After 17 years as an interior designer in Denver and as a Colorado native, I have been witness to all the changes the large influx of people to our state has brought. Clearly, somewhere along the line, we were discovered for our fantastic weather, our beautiful mountains and the seemingly never-ending array of things to do out of doors – or indoors, for that matter. With that, the need for housing, especially affordable housing, has never been so great. Over the years, I have been involved in countless multifamily projects, most in Denver metro and mostly mid- to high-end price points – projects in which the target audience has been savvy and makes buying or renting decisions based on aesthetics along with other factors, demanding high design and a growing list of amenities.
The demands of these projects have taught me what people really want out of their homes and communities; those things are largely the same across the economic spectrum.
“It takes a certain amount of darkness to see the light” is a phrase I was reminded of while wrapping up my most recent project, The Meadows at Montbello, a new four-story affordable senior rental building for the Volunteers of America, supported by public finance partner Colorado Housing and Finance Authority. While installing the common areas, I encountered residents moving in whose overwhelming gratitude was humbling. While I regularly receive some thanks and general appreciation for the work I do, this was different. These folks expressed something deeper, and I felt that this place was going to mean more to them than simply home.
Low-income people and seniors are among our most vulnerable residents; many have been homeless, near homeless or institutionalized in the past. For them, this building is a new start and an opportunity at normalcy. These are the people whose lives can be changed meaningfully, in some part, by design.
While touring other low-income properties around town as research for this project, it became clear that many of these types of buildings were fulfilling only the basic function of shelter and little or no thought had been given to aesthetics or amenity. I wondered if it was a result of a low budget that drove the outcome, or if it was simply lack of insight into the needs of the population.
In my mind, great design is not a function of a big budget, but rather a result of creative thinking and careful consideration of the end user. While 10 years ago it would’ve been much harder to design something beautiful on a dime, these days the market is flooded with low-cost/on-trend materials, and many are sustainable to boot. Some low-budget design elements that are part of any building can have significant impact – paint, for instance. Color can instantly transform a space from basic housing to a welcoming home.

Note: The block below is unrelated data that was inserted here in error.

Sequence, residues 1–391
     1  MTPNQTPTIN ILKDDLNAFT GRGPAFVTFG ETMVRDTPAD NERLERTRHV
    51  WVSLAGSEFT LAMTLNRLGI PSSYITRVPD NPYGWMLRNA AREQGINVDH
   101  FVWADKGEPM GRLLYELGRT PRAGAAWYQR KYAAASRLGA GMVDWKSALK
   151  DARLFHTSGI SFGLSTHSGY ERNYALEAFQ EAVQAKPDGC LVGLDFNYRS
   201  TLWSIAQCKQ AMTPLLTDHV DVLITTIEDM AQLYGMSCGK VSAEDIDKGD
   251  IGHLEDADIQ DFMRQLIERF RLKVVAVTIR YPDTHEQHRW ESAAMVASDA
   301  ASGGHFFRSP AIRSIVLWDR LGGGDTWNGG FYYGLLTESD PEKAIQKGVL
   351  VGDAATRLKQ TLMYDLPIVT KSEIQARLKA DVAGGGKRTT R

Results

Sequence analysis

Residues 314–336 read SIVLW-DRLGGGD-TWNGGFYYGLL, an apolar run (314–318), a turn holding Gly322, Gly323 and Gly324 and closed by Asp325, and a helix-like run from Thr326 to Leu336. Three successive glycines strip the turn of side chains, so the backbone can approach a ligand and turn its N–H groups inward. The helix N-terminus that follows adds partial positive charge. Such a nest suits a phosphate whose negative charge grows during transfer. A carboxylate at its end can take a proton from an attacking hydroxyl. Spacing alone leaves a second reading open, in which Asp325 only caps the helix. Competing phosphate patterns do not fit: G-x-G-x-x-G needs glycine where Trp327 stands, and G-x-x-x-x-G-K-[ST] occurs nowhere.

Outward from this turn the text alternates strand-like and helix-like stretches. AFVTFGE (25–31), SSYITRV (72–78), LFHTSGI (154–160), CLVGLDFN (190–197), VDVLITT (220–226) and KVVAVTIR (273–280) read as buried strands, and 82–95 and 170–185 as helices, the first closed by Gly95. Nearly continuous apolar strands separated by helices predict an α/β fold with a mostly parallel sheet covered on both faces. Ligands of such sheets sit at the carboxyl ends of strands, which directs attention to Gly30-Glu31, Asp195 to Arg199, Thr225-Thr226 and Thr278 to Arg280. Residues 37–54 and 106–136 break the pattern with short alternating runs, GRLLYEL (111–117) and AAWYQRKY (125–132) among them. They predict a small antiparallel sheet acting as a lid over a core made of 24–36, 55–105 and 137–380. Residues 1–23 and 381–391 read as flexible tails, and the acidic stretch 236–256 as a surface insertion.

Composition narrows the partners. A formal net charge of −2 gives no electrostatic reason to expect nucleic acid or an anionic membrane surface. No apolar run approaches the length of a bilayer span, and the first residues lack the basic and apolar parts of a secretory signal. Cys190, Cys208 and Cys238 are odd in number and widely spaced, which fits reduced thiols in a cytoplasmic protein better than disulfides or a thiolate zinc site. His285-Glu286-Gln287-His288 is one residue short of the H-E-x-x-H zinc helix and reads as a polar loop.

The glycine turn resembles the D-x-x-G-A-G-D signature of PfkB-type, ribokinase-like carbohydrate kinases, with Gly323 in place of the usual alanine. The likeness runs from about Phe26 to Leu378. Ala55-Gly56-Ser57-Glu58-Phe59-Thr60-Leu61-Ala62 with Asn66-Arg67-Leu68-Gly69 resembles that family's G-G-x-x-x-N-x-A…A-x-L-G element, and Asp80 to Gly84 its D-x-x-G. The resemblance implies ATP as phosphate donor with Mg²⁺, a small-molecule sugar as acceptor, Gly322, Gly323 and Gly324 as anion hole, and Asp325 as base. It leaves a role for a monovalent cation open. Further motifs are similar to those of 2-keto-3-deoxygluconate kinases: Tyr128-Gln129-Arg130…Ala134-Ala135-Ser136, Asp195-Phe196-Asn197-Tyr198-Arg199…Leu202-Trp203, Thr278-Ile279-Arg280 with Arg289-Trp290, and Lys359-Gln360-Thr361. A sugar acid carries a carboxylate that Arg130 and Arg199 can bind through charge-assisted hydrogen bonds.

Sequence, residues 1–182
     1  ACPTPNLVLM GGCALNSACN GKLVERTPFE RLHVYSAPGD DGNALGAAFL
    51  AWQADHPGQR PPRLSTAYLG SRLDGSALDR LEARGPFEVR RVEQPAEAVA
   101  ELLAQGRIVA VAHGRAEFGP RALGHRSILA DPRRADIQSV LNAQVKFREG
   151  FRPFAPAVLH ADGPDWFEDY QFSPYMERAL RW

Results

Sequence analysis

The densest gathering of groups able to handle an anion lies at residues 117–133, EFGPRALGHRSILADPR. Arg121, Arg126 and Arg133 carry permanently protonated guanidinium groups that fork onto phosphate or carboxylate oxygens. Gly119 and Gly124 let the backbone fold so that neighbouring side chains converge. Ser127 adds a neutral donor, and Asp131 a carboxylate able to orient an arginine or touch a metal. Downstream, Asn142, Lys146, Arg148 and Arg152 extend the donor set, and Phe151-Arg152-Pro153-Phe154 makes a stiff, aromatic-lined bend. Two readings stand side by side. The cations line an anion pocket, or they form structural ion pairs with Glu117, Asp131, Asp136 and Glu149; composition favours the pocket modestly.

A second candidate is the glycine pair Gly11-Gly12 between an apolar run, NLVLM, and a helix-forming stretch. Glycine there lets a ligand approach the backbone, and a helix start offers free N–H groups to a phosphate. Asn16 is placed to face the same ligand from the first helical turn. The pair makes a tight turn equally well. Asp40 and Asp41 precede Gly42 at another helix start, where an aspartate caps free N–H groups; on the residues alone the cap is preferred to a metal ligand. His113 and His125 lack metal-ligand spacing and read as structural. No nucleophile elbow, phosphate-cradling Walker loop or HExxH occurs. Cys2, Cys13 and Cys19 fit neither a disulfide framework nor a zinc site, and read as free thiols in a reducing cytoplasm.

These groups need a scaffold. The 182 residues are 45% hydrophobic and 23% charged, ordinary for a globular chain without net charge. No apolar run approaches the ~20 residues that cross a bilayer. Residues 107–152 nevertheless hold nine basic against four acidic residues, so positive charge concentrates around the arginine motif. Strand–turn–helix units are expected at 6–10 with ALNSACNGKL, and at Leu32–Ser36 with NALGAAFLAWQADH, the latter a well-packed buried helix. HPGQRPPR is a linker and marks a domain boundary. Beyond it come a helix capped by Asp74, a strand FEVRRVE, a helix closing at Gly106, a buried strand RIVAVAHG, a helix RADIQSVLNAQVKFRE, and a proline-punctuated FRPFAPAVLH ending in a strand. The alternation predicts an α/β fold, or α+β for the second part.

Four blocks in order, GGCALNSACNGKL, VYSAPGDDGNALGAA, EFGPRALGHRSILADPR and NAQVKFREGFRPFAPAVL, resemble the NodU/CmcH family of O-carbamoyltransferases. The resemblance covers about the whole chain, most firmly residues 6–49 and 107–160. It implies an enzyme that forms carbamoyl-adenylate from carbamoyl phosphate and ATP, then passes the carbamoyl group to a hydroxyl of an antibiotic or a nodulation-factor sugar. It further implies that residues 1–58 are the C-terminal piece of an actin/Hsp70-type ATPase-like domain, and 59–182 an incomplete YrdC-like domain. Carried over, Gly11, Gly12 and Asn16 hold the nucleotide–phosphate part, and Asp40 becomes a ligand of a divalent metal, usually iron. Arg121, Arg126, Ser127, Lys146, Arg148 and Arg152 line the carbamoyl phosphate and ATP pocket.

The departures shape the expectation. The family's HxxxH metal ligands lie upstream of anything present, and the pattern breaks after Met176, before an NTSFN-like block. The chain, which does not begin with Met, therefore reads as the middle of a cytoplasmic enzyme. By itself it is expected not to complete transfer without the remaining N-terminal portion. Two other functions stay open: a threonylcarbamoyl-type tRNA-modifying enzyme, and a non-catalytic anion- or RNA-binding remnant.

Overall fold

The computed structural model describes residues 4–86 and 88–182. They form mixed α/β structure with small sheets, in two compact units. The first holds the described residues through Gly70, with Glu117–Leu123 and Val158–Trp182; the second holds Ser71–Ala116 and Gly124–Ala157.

Many amenities available to the average apartment dweller are invaluable to this more vulnerable population. And, some of the amenities that have the biggest impact on these communities are the ones we all care about.
•Connection to nature. We all crave it, especially in our gorgeous state. The architects responsible for the Montbello project thoughtfully placed the building on the site opposite the already existing building, creating a green space in between – a mini-park for residents to gather and soak up the sun. It connects the two buildings as well as creates a verdant space for events and recreation. A little outdoor space goes a long way.
•Access to technology. For those seeking jobs, keeping track of family and trying to regain financial stability, this can be critical. Simply utilizing a small space with a few computers to create a business center can easily service those who may not be able to afford their own.
•Community rooms. These are dynamic spaces that can be used for many functions, like movie nights, sports events and parties. They also can create mini-communities within a larger space. Lounges placed on each floor of a multistory building can provide a social space for those sharing the floor and feel like an extension of their own homes, fostering socialization and building relationships.
•Aesthetics. While it may not be an amenity per se, the aesthetic of a space can transform the well-being of those within. We experience a space with all our senses, so by using materials that not only look inviting, but also feel soft to the touch and welcome us in are crucial. Lighting also plays a critical role in this category, and while security is likely an important factor and some fluorescent lighting may be necessary, other layers of light can be added to tone down an institutional vibe. Chandeliers, lamp lighting and keeping the ambient lighting at 2700K (warm white) can effectively warm up a space.
•Curb appeal. The exterior of the building can play a role in the happiness of its residents as well. Who doesn’t want a little curb appeal? Many of these buildings often are positioned within communities that are becoming increasingly higher end and a sense of fitting in is imperative.
In the end, when we lift those who are at the bottom, we all benefit. I am grateful to have participated in a project that had a meaningful impact on those most in need. Take this project as a step toward good design earning a permanent home in low-income housing and a way to share a little love for all.